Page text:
It will happen well before then, it’s on the cards to happen this term of the NC
So what still needs to happen to register the party for NSW state elections?
From the NSW Electoral Commission website:
To register to contest State elections a party must:
- have an acceptable name
- have at least 750 members, who are enrolled on the NSW electoral roll, and are not relied upon by another party for registration purposes
- have a registered officer
- have a written constitution that sets out the platform or objectives of the party
- pay the $2,000 registration fee.
What that doesn’t mention is that the 750 members need to sign paper forms and snail mail them in like barbarians.
We are well off the 750 members at the moment.
Local Council elections are more doable, requiring only 100 names, we just need people with the time to engage in local politics in their area.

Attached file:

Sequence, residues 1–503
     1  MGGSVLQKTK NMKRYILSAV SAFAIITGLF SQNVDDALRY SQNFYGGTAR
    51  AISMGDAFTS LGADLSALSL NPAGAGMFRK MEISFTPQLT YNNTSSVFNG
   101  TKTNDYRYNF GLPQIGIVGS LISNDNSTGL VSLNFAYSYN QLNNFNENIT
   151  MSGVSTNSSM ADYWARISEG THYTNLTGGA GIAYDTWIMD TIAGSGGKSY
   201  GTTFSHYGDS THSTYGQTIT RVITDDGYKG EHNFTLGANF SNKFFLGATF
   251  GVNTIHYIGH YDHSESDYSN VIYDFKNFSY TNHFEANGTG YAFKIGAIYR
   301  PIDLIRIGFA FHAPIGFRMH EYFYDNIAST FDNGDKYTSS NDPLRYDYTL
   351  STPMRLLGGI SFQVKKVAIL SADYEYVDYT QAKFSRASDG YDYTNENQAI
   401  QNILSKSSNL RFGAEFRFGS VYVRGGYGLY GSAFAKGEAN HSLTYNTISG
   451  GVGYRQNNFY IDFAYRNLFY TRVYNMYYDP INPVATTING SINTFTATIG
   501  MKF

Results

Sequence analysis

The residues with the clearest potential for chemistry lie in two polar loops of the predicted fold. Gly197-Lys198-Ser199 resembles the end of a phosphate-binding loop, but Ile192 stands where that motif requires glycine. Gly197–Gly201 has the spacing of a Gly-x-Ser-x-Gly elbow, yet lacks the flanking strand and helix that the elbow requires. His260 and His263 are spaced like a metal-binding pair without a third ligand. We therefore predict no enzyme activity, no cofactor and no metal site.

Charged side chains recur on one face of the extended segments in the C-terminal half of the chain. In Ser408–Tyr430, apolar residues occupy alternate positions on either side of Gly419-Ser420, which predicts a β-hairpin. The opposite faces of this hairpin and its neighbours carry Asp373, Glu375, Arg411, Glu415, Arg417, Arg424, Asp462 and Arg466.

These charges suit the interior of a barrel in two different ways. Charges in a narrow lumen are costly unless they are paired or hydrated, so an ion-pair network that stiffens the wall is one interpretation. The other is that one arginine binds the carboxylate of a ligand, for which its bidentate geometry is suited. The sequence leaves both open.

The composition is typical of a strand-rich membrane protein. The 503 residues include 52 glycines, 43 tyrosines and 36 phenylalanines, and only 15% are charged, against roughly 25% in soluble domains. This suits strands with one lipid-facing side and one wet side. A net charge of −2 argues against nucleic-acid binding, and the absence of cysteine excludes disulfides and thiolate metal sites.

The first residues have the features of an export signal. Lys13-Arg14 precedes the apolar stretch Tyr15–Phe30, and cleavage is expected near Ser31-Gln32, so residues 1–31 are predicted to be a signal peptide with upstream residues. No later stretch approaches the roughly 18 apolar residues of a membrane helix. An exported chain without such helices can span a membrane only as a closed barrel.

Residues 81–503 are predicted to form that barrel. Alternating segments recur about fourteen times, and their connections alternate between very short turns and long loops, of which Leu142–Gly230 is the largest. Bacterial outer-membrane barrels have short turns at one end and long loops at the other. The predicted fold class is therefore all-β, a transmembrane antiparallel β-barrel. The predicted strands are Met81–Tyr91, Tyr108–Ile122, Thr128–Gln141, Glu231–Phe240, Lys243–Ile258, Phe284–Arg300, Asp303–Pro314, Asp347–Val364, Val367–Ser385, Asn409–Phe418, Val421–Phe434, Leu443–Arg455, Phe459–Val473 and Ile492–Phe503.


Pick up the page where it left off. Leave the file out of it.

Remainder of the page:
Lolololololololol. The extra lol’s care of character limitation rules.
There’s a sense of irony that the membership requirement for NSW state level is higher than country-wide federal, but I also would not be surprised if this is attributed towards the fact that NSW as a state was formed before federation.
Do we have any avenue to legislate this to be lowered, and added bonus to not make paper forms the only option?
The membership requirements are largely a result of politics around excluding minor parties. They’re so large in NSW because their upper house is elected statewide at such a low quota, so it’s very attractive for the minors. NSW also has a $2000 registration fee for contesting parliamentary elections (but not for Local govt).
According to the latest registration handbook, they appear to have a process now for some electronic stuff.
I’m not sure what the per-candidate nomination fee is for the Upper House, but I believe that’s quite high too, considering that 15 candidates are effectively required for a group.